CEO, Àlex, reflects on BMAT’s journey through various music technologies since their initial collaboration with Yamaha.
This is the story of a friendship that spans across decades. As much as we feel like ambassadors of discretion and etiquette, it’s about time we came out of the closet.
80’s :: Yamaha and Xavier :: Oai dekite ureshii desu
In the late 80’s, Yamaha – the undisputed leader of the digital synthesizers market with their legendary DX7 – decided to establish a digital sound research centre in California. On those very same days, Xavier Serra – a musician and biologist from Barcelona – had just obtained his PhD at CCRMA, the Center for Computer Research in Music and Acoustics at Stanford University. Xavier had developed a new sound synthesis method that had called the attention of the Japanese corporation. They invited him to join their lab.
Xavier Serra joined Yamaha Music Technologies in 1989 to work on digital audio processing technologies. He did so for a couple of years up until 1991, when he was given a grant from the Spanish Government to return to Barcelona. He did, and 3 years later he established the MTG, the Music Technology Group at the Universitat Pompeu Fabra.
Despite the departure, Xavier and Yamaha kept in touch.
90’s :: Yamaha and MTG :: Naki nagara chigitta shashin wo
Around 10 years later, Xavier’s former colleagues at Yamaha called him and offered a research partnership. In 1997, Yamaha signed the first research collaboration project with the MTG. At that very same time, Pedro and myself had just obtained a Bachelor’s at the ETSETB, the Engineering School at the Universitat Politècnica de Catalunya, but had barely developed anything yet, let alone caught anyone’s attention. And yet, somehow we managed to get hired at the MTG.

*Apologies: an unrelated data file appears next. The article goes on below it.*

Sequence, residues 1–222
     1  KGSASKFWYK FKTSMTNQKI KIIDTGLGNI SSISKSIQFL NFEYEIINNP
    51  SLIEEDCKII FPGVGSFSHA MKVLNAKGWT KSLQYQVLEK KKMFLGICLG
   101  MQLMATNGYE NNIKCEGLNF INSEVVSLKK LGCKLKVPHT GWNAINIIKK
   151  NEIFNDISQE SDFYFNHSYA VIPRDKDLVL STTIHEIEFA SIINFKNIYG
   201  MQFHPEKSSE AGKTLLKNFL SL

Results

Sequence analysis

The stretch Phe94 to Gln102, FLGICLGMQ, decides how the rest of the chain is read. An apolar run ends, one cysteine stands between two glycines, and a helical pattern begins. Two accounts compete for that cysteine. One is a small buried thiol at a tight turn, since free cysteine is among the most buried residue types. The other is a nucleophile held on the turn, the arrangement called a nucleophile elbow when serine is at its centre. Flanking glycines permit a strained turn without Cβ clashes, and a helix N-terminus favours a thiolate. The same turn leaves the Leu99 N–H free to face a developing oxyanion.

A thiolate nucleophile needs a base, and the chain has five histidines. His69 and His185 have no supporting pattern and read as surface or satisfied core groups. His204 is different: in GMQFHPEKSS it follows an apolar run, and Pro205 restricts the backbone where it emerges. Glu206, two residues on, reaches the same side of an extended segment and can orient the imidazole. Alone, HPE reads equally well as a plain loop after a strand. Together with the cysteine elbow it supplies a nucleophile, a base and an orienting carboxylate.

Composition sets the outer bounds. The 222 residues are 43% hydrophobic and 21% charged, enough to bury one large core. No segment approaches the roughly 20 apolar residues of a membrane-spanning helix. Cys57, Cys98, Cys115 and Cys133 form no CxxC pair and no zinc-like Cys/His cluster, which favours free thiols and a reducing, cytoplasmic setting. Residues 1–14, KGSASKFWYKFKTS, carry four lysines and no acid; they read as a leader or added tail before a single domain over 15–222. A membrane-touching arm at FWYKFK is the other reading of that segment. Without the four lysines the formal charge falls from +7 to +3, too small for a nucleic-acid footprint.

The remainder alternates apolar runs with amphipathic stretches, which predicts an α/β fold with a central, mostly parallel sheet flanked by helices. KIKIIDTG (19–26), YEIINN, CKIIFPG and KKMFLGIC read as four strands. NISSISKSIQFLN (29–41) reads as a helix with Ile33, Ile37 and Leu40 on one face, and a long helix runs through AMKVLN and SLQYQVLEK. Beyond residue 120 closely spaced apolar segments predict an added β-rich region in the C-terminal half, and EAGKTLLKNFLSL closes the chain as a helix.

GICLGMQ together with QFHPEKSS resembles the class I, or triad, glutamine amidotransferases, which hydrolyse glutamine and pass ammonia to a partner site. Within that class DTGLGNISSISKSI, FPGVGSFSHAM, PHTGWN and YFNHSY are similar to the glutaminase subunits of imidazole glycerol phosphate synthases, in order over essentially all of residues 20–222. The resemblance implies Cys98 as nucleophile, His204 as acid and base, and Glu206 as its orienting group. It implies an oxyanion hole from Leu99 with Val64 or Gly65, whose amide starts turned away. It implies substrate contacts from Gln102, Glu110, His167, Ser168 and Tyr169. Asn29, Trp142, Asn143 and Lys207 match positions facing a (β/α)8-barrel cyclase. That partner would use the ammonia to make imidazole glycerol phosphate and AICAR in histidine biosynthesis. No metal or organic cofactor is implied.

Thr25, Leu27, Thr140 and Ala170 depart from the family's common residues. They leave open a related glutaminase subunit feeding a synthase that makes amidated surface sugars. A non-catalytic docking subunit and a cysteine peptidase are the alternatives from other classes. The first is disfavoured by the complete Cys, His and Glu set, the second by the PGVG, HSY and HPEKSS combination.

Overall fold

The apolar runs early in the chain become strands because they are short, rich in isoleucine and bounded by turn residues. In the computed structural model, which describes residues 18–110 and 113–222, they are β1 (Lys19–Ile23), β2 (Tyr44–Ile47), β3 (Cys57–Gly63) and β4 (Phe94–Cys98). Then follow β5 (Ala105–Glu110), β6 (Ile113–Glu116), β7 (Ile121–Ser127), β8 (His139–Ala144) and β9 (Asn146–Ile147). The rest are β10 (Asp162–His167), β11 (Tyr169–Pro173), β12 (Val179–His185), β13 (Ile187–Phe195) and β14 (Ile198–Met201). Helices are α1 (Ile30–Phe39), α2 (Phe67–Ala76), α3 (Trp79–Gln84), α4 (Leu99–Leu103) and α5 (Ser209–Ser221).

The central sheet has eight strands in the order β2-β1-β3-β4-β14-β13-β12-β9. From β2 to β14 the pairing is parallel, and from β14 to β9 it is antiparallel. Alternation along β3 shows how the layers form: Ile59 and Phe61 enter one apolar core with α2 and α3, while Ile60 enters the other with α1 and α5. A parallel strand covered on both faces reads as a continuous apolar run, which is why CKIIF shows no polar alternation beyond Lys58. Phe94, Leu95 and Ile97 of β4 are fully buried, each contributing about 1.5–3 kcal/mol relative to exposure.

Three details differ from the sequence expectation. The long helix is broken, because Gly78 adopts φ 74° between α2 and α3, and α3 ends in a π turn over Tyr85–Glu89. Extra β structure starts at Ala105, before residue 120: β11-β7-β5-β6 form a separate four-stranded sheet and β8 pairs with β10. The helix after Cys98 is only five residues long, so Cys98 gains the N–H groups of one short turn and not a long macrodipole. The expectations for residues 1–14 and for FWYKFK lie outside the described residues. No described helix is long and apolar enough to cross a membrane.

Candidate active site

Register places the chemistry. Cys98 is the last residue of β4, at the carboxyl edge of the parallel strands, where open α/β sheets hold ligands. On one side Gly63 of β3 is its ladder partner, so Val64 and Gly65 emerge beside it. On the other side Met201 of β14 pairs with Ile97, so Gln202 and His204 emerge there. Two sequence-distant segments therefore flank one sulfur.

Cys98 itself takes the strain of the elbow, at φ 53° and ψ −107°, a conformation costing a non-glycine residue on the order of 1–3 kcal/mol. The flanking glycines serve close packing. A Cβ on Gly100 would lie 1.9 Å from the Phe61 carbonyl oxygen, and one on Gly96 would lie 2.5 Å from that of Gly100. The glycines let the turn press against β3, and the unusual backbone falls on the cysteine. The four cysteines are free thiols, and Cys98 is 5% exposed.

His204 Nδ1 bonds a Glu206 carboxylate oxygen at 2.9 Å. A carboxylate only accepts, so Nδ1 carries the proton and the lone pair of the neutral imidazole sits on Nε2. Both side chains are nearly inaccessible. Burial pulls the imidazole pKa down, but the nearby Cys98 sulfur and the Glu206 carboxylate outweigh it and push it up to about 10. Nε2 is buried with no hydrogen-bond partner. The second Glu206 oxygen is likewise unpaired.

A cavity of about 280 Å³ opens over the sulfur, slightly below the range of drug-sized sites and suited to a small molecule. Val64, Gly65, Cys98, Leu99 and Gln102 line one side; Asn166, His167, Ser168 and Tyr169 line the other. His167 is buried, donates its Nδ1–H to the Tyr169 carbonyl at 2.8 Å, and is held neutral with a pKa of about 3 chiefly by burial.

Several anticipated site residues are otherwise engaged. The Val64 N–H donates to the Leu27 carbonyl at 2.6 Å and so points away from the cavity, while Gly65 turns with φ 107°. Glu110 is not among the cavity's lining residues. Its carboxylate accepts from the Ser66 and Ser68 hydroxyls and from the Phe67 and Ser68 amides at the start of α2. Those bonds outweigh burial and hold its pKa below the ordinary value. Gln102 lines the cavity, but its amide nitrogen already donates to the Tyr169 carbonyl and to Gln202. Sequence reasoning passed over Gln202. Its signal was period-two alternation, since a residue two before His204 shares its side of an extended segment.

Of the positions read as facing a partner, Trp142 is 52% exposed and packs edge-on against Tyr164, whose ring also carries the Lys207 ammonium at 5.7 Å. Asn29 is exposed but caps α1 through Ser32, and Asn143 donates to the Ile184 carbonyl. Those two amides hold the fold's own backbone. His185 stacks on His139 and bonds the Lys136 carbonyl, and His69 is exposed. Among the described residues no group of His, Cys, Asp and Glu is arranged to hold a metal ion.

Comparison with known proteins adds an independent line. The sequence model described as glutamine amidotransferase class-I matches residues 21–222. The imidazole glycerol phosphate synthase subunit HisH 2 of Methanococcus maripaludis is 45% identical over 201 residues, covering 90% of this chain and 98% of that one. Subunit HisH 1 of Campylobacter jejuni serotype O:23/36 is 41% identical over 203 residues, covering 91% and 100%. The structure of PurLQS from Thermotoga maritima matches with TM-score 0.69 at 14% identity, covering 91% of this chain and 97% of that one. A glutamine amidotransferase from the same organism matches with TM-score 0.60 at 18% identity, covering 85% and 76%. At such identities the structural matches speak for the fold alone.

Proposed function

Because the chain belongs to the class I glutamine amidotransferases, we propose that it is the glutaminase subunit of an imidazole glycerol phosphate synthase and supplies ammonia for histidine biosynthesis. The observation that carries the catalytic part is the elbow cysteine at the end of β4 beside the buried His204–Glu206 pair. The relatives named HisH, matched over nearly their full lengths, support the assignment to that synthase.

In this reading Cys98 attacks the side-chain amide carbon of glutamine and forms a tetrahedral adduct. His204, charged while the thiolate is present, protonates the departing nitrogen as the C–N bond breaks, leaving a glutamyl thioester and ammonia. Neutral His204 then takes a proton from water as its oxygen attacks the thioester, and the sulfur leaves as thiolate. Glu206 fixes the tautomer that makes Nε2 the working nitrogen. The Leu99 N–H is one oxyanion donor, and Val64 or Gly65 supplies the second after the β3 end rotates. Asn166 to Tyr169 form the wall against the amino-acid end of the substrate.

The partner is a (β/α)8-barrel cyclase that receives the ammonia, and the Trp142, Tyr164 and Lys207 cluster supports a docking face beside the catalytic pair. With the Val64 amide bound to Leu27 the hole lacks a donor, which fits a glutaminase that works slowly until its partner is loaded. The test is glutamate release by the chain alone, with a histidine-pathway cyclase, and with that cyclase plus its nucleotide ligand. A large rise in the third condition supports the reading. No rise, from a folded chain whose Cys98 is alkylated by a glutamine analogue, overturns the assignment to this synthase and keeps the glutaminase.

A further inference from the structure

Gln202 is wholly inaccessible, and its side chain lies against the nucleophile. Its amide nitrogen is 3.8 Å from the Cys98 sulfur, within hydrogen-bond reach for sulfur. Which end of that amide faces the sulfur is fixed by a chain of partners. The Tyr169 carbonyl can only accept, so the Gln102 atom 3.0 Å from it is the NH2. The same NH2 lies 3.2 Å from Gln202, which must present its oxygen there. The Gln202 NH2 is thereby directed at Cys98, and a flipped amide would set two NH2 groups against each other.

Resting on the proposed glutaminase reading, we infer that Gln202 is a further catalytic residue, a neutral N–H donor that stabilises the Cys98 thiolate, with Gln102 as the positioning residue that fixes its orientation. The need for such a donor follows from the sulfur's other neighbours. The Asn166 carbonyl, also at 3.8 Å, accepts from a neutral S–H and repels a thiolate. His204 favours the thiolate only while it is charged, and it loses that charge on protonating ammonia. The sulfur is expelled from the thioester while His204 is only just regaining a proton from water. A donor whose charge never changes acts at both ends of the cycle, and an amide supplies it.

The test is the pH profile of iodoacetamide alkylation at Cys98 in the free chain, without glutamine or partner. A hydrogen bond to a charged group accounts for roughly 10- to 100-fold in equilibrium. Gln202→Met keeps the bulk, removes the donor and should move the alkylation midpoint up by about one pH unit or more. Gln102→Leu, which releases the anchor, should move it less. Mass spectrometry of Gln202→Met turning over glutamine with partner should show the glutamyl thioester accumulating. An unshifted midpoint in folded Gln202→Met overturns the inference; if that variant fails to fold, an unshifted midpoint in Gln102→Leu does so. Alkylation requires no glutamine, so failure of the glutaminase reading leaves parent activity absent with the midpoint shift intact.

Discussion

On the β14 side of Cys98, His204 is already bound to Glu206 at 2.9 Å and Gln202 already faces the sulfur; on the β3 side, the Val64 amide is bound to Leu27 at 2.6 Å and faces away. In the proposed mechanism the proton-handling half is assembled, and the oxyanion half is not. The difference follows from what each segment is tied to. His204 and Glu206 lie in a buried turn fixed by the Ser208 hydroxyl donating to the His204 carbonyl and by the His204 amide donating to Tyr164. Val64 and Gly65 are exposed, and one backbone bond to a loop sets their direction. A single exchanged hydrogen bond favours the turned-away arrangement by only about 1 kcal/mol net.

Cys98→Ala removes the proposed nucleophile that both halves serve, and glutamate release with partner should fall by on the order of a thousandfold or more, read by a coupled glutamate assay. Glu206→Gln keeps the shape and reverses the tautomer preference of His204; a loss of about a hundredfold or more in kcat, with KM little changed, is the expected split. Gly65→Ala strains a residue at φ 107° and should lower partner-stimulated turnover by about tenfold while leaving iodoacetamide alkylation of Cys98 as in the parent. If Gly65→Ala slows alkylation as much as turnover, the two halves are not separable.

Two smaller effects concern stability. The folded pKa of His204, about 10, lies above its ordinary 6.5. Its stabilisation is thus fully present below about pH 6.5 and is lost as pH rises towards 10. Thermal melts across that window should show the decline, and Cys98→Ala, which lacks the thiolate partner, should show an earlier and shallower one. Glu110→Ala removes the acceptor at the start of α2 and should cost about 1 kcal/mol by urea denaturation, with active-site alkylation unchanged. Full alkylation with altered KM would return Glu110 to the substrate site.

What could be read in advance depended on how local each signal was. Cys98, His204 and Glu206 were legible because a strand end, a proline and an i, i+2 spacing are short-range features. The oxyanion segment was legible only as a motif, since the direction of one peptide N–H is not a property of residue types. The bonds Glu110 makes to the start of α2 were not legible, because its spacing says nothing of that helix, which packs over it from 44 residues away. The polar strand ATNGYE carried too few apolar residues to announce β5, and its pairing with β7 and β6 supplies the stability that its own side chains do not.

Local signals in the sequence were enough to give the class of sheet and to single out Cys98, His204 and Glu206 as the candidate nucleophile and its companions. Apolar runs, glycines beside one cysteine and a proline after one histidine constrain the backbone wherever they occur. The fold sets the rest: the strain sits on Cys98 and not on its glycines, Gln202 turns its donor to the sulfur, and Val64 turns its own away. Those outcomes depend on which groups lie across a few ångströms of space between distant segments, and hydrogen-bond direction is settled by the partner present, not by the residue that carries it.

The project Pedro and I worked on with the team for the 3 years that followed was called Elvis. Elvis aimed to enable Yamaha karaoke machines to transform your voice into your idol’s. The project got prototyped but didn’t make it into the karaoke boxes. Still, every cloud, the work we did on Elvis set the foundations for MTG’s next project with Yamaha. Daisy.
Daisy was a research venture in the quest for new, high-quality singing synthesis technologies. The project was named after the first synthetic singing ever ♫, run by an IBM 7094 at Bell Labs in 1961. Unlike Elvis, Daisy didn’t leave the building, and was years later transformed into Vocaloid. The singing synthesizer became one of Yamaha’s most recent successes after releasing virtual singer Hatsune Miku with Crypton Future Media.
00’s :: Yamaha and BMAT :: Mata au hi made aeru toki made
In the mid 00’s Yamaha was working on Bodibeat, a portable music device for runners. Bodibeat would pick and play songs from your music collection in tune with your jogging flow. In order to do so, the device needed to understand rhythm. Yamaha was looking to embed 2 beat descriptors in Bodibeat’s intelligence system – beats per minute and beat strength.
BMAT had just been founded and everybody welcomed the opportunity to channel this project through MTG’s brand new spin-off. Several months of work later, Bodibeat was released and we couldn’t stop talking about it. Yamaha became BMAT’s first reference customer and Bodibeat our flagship of applications that could be built on top of audio descriptors.
It’s been a while since we last saw each other but we always keep them in mind. Domo arigato, Yamaha.
Written by Àlex Rosukosu, CEO
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